One character who would go on to become significant within the MCU is one Baron Zemo (Daniel Bruhl), who makes his first appearance here and proves to be one of the shared universe's greatest antagonists to date. Sly and manipulative, Zemo knows exactly how to push the heroes' buttons, and he ultimately becomes the man responsible for splitting up the Avengers to such an explosive degree. You could even argue that it's his actions here that are ultimately responsible for their colossal failure in Avengers: Infinity War, as if Zemo had not caused this rift between the superhero team in this movie then the full Avengers team would have still been formed, and they may have stood a better chance against Thanos.

Overall, 'Captain America: Civil War' is one of Marvel Studios' best sequels to date. Whilst the romantic relationship between Steve and Sharon is somewhat questionable, the rest proves to be one of the studio at its absolute finest, with a thrilling manipulator in Baron Zemo and a perfect introduction for two of the universe's most iconic masked vigilantes. Captain America: Civil War is proof that directing duo the Russo Brothers know exactly how to approach these major superhero team-ups, and we can only hope that after Civil War, Infinity War and Endgame, they will one day make their triumphant return to the universe that defined their directing style.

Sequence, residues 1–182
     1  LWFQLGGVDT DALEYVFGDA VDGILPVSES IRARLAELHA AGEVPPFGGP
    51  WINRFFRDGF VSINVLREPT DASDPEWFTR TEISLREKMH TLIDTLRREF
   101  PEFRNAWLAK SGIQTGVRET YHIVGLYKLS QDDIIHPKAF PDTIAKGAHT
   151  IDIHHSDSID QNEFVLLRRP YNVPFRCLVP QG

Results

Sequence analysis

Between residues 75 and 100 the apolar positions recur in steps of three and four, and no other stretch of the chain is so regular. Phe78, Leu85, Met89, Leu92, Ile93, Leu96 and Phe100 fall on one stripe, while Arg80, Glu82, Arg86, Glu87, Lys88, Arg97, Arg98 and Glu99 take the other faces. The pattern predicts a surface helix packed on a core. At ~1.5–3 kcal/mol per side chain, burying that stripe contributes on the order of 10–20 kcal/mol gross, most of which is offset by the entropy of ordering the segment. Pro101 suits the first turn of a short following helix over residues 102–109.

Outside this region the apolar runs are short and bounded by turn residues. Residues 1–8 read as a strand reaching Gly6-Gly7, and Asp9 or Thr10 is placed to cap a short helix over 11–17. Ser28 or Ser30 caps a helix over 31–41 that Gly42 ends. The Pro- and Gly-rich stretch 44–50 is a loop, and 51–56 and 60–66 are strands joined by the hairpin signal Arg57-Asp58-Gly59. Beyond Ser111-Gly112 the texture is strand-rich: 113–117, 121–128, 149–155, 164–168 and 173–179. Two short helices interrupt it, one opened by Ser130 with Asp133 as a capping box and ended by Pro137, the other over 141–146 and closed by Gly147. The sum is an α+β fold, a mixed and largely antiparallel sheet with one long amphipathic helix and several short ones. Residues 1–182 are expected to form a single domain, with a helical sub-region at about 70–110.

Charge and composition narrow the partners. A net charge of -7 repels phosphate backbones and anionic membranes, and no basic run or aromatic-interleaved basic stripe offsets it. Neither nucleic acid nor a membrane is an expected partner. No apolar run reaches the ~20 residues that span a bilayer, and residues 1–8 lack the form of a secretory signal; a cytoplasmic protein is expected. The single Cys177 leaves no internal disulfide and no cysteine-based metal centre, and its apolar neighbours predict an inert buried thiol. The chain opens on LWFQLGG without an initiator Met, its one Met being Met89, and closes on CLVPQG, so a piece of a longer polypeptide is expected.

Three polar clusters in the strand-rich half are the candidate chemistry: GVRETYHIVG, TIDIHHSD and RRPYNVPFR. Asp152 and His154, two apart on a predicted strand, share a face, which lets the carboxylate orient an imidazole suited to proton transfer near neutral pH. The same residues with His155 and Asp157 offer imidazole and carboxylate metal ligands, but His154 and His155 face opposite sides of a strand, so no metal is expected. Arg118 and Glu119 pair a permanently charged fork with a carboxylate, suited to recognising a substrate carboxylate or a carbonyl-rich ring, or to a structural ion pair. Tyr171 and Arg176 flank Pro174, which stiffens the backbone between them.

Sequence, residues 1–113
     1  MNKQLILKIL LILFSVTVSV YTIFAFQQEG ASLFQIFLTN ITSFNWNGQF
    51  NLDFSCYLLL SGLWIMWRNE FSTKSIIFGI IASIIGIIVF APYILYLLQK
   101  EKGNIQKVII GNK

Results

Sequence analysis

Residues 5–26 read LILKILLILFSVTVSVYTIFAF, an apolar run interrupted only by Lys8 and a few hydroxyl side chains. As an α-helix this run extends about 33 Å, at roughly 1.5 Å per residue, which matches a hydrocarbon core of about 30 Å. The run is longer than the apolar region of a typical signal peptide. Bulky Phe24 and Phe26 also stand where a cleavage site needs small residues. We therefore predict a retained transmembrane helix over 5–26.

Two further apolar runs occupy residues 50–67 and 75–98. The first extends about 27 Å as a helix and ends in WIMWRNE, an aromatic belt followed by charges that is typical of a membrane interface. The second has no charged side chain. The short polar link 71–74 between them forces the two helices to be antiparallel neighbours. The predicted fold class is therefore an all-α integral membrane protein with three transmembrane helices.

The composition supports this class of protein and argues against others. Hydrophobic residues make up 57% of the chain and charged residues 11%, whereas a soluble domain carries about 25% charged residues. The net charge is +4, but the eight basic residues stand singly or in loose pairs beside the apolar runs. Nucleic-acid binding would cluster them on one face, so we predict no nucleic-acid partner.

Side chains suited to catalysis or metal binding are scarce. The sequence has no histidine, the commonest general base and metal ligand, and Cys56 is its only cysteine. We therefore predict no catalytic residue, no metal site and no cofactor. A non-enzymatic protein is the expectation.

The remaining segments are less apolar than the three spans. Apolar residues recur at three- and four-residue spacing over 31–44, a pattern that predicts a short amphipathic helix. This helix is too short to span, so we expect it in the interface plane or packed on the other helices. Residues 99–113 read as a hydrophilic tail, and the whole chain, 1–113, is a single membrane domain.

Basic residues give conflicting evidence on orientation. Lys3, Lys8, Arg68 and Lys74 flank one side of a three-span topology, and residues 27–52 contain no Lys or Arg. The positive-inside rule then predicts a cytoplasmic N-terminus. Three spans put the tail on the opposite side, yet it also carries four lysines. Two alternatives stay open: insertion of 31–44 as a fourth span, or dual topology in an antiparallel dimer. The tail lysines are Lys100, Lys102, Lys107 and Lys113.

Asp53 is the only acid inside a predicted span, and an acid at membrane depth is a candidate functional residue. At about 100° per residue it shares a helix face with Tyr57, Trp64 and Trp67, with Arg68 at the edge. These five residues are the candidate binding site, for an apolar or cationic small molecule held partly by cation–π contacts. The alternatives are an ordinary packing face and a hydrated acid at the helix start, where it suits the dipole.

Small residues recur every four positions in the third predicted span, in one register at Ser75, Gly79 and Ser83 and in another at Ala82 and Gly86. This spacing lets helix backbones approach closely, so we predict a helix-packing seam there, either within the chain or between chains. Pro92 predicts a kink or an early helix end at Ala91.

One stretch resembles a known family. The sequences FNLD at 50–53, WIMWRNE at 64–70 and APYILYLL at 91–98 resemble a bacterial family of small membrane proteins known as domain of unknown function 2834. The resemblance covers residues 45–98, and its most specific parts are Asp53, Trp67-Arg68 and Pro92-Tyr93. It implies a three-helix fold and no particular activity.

Enola Holmes

The Sherlock Holmes tales have inspired countless film and television adaptations, from BBC's Sherlock to the iconic Basil Rathbone movies. Something which the franchise has rarely delved into however is the realm of spin-off material. In some respects this is somewhat surprising, as the Sherlock Holmes stories feature a wide array of interesting characters outside of Sherlock himself. Enola Holmes focuses on the little-known sister of Sherlock and Moriarty, the titular Enola (Millie Bobby Brown), and is based on a series of books by Nancy Springer featuring the sixteen year old child sleuth.